The Dream Lords by Adrian Cole

Awhile back, I picked up The Dream Lords: Lord of Nightmare by Adrian Cole.  I was intrigued by the cover that proclaimed it to be “Fantasy and Horror in the Tradition of Tolkien and Lovecraft”, particularly because neither of those really jibed with the image of barbarians fighting a dinosaur dragon with a single eye-stalk.  When I found out that it was the middle book of a trilogy, I had an “Aha!” moment and put it down, at least until I got the other books.  I was a bit wary at first, as the chapter I’d read was a muddled mess to someone who hadn’t read the previous book, but starting where one was supposed to start quickly rectified any of my initial negative impressions.

Now that I’ve started it from the beginning, I’ve been enjoying the Dream Lords series tremendously. But yeah, Tolkien and Lovecraft?  I’m not really seeing it.  There’s a city named Melkor in the first book, but Dream Lords is more Gardner F. Fox, John Jakes or Jack Vance than either Tolkien or Lovecraft.

Lord of Nightmares

In a nutshell, a young heir to the Dream Lords, the rulers of mankind who can wield powerful suggestions and illusions through sci-magic (psy-magic), learns that not all is as it seems, and he becomes the chosen one champion of those who are under the thumb of the human elites.

Though it has a lot of the tropes and trappings of the New Wave, I actually find Galad Sarian far more likable and, well, heroic, than many of the well-known and iconic heroes of the New Wave.  Unlike Elric of Melnibone, he isn’t morally crippled by his decadent culture, and unlike Corwin of Amber, he’s not some ubermensch narcissist (though he comes from a culture that would like him to see himself as such) who sacrifices his allies by the million with no regard.  Galad sees the wrong in his people’s way of life and wants to change it; when his allies (even the faceless ones) die to advance his cause, it genuinely grieves him.  Where many 70s SFF stories feature cynical heroes in crapsack worlds, Dream Lords has an affable idealistic hero who’d like to make his crapsack world better.

This series suffered from a number of cover-related errors.  The first printing of book 2 had no indication that it was a sequel while the second printing of book 2 indicates that it’s book 3.  Also, the “Fantasy and Horror in the Tradition of Tolkien and Lovecraft” may be a bit of false advertising.  It’s a shame, too, because while it’s certainly not high fantasy or cosmic horror, it’s excellent for what it is.  To be fair, by the third book, the series is described much more accurately as “Heroic fantasy in the tradition of Robert E. Howard.”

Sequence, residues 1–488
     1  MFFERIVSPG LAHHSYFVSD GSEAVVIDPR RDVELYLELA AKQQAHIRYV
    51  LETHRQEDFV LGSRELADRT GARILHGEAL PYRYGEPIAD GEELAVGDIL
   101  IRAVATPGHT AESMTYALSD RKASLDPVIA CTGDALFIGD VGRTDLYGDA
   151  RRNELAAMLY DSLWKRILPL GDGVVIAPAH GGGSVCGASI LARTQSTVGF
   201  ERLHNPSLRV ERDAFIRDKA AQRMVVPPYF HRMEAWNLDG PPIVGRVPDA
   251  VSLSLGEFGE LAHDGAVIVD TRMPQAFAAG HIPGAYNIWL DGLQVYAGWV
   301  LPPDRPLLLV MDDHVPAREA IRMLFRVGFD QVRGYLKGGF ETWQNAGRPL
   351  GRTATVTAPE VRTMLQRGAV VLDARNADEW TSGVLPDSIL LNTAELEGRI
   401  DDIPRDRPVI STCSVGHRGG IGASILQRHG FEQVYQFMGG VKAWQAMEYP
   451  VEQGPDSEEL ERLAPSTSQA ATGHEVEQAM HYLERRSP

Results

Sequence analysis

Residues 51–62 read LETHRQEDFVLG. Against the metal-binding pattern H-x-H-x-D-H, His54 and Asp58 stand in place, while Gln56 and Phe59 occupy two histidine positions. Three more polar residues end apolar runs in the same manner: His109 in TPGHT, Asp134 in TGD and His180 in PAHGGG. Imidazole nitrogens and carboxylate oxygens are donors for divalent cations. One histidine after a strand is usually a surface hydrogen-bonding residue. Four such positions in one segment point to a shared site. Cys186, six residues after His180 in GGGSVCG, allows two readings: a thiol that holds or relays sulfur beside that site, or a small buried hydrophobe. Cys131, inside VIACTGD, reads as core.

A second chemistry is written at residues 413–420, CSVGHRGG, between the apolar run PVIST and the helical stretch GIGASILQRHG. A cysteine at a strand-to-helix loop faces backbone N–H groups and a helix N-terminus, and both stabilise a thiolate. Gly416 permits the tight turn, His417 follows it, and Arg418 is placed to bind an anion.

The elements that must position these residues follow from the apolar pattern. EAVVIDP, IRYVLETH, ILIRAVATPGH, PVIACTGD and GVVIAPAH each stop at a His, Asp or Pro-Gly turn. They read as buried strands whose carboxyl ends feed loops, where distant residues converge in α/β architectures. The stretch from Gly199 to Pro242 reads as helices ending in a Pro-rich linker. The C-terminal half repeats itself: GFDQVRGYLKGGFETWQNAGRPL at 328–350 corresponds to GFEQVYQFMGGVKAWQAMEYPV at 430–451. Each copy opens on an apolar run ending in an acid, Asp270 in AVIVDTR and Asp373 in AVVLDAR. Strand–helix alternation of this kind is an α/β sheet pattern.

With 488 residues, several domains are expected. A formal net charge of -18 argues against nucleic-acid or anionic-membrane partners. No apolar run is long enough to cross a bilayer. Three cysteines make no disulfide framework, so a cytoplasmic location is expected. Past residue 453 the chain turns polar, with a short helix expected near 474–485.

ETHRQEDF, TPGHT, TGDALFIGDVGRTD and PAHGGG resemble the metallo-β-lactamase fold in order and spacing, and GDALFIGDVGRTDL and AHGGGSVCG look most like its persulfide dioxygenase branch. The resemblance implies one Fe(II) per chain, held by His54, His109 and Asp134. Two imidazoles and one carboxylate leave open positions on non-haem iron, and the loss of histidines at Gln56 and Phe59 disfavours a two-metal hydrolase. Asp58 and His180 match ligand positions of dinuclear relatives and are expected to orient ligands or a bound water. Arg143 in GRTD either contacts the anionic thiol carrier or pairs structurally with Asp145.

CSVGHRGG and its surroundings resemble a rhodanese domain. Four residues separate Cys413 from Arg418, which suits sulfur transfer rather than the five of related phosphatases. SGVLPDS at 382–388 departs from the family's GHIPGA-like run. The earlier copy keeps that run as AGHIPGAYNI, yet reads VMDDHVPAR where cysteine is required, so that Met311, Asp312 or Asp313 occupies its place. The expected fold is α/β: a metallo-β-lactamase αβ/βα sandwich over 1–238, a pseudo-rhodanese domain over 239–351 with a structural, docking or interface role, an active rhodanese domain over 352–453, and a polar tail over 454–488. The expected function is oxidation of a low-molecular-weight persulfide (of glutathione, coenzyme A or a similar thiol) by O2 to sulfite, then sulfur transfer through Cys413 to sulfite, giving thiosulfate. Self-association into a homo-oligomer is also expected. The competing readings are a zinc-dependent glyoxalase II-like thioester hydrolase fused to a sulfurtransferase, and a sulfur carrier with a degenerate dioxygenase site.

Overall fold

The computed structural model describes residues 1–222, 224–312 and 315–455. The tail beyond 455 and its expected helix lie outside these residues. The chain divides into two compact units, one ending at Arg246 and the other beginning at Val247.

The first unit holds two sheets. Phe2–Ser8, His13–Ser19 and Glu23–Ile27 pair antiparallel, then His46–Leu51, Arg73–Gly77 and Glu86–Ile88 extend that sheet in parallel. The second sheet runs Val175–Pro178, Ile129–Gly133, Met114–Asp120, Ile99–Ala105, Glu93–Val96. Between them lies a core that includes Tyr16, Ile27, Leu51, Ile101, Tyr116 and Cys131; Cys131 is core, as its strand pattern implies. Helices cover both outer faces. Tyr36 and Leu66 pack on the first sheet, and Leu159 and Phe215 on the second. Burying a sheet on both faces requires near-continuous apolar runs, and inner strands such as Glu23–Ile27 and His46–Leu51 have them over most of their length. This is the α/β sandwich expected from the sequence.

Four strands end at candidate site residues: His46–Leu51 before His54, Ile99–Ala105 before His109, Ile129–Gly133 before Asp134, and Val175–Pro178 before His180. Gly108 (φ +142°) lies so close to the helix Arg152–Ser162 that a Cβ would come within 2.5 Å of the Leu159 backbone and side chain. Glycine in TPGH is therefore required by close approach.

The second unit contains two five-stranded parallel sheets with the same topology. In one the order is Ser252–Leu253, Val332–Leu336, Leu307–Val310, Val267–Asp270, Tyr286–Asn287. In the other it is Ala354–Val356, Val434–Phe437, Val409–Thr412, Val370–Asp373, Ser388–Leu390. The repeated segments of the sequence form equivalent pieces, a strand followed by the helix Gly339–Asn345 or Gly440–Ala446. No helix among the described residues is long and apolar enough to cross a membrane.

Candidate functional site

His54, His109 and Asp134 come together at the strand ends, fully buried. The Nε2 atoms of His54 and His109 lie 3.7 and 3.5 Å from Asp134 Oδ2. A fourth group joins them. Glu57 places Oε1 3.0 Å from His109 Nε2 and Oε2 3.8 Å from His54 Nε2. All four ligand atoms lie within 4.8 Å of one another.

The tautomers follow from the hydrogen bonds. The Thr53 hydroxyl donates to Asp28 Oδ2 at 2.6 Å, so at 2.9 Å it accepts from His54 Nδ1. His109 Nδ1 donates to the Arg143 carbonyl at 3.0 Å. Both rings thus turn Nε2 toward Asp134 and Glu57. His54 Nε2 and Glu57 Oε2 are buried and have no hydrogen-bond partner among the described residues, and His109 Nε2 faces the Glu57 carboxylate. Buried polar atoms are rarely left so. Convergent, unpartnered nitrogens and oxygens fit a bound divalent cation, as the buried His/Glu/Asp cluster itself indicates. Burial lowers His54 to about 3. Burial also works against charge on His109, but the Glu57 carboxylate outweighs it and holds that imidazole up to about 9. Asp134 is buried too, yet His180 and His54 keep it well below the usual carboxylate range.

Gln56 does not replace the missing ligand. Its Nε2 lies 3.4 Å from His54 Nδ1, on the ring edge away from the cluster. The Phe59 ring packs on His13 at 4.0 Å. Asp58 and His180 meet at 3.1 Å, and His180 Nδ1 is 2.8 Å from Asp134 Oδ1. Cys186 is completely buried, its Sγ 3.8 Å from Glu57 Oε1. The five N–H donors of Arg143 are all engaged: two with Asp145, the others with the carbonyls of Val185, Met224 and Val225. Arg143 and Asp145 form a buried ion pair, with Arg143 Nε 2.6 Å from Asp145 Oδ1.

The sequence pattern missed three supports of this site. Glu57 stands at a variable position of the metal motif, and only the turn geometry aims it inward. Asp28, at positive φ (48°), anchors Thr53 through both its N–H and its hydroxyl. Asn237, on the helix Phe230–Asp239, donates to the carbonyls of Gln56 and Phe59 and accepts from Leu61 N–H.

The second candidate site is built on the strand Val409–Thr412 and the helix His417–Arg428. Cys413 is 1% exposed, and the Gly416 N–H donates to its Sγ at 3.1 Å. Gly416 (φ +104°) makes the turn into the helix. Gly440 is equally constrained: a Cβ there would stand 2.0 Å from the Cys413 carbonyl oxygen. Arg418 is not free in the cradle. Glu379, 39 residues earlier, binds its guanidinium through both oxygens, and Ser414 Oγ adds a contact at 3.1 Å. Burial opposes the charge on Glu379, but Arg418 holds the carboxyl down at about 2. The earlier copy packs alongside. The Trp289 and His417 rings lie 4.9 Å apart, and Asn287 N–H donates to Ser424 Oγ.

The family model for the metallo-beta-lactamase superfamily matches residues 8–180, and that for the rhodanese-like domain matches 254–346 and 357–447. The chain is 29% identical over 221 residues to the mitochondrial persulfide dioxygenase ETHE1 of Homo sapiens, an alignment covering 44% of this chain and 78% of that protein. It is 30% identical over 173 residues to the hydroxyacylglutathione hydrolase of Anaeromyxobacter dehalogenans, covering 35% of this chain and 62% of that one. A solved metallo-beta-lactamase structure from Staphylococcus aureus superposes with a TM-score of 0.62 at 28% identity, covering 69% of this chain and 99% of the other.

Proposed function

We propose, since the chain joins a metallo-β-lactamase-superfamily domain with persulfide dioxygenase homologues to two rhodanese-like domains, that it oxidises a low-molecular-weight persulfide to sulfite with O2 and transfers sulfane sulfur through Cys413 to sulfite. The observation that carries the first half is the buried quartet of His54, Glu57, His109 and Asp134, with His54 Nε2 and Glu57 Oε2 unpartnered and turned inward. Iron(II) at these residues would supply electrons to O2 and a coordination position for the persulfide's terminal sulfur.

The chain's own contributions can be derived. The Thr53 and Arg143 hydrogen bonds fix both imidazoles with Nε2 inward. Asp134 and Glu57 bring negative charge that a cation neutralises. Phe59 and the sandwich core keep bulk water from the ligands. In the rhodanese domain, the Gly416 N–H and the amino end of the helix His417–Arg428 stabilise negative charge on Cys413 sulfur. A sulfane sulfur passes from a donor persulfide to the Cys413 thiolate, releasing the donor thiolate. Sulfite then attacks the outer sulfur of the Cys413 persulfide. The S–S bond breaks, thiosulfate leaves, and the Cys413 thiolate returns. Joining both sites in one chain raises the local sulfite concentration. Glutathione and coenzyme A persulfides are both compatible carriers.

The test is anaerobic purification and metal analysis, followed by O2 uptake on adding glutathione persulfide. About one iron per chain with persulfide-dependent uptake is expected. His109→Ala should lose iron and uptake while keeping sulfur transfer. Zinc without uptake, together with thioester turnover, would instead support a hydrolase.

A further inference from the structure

The name-dropping of Tolkien in particular raises an eyebrow, especially in the context of the rise of “Tolkienian” fantasy just a few years later in the late 70s.  Largely thanks to Terry Brooks, one sees “Tradition of Tolkien” and thinks high fantasy LotR knock-off.  In a post-Shannanananana literary world, Tolkien-dropping comes with particular implications; I wonder what the implications would’ve been in 1975, however.  Would someone picking this up think “Ah, a story with elves and a Dark Lord and maybe some Cthululz”?  I mean, I looked at it and thought “There’s no way this is what it says it is, but I’m curious anyway”, but was it actually saying something different back then?

Rather than needlessly speculate, I thought “Why not ask Adrian Cole himself?”  Here is what Cole had to say about the covers of his debut trilogy:

Firstly, I never had any say at all on the Zebra paperback covers. Originally volumes 1 and 2 were put out with pretty awful covers. A Plague of Nightmares was taken from a movie poster, I think. Lord of Nightmares was done by sf cover artist, Jack Gaughan, who had done a lot of good stuff, but the one he did for Lord was really poor, or so I thought. I think Zebra must have capitulated, because they reprinted the 2 books with covers by Tom Barber – Plague was a beautiful wraparound depicting the four horsemen (see my website at adriancscole.com) and Lord was a bit Frazetta/Jeff Jones in style. The third volume, Bane of Nightmares, was issued at the same time as the reprints and also had a Tom Barber cover, and it was very much a Frazetta clone, but very nice.

As for the cover blurbs, well, they’re just as interesting! When I wrote the books (started them at least 5 years before they got published) I had not read any REH, Fox, Jakes or Vance at all. Those great pleasures were to come. The books that influenced the series were: ERB, DUNE (Herbert), LOTR and Dennis Wheatley’s black magic books.

By the time the 3rd volume came out, Zebra were doing very well with their own line of REH books (including several follow-ons by Offutt, Wagner, Smith etc) so they put mine on the REH bandwagon, too.

I was surprised to see the original cover blurb “in the tradition of LOTR and HPL” but I suppose there are bits in the books somewhere. (I was a big HPL fan from years before.) What did amuse me (as I pointed out at a Fantasycon in the UK at the time) was that one of the newer covers said “Adrian Cole’s great adventure”, which made it sound autobiographical!

In 1975 the Tolkien revival was well under way (as was the ERB revival) and the REH one was just about getting going – so I think that’s why they moved over to the REH blurb with the reprints.

You may also notice that they got the volume no. wrong on volume 2 (the reprint) and put volume 3! Couldn’t have helped sales.

I have to admit, I did read the first SHANNARA book and thought it was an appalling rip-off of Tolkien. I was amazed that the author got away with it. Ironically, last night, here in England, we had the first tv episode of the Shannara Chronicles. I watched out of curiosity. Low grade stuff – won’t be watching any more!

For one thing, this is more anecdotal confirmation that many Sci-fi writers had little to no control over their covers.  I suspect that Zebra included the bit about Tolkien and Lovecraft to capitalize on the booms in popularity both authors were enjoying.  Ultimately, I think this did The Dream Lords a disservice, though perhaps not so much as omitting then misprinting the volume number on Lord of Nightmares.

I do find it interesting that while I’d compared Dream Lords in my mind to Fox or Jakes, Cole hadn’t yet read those himself; what that says to me is that the Burroughsian branch of SFF produces similar leaves such that even outside the influence of other writers in the tradition of Burroughs there is a sense of unity and both stylistic and thematic harmony among his acolytes.  While I’m a fan of both Tolkien and Lovecraft, their styles don’t lend themselves well to imitation, but Burroughs… Man, Burroughs!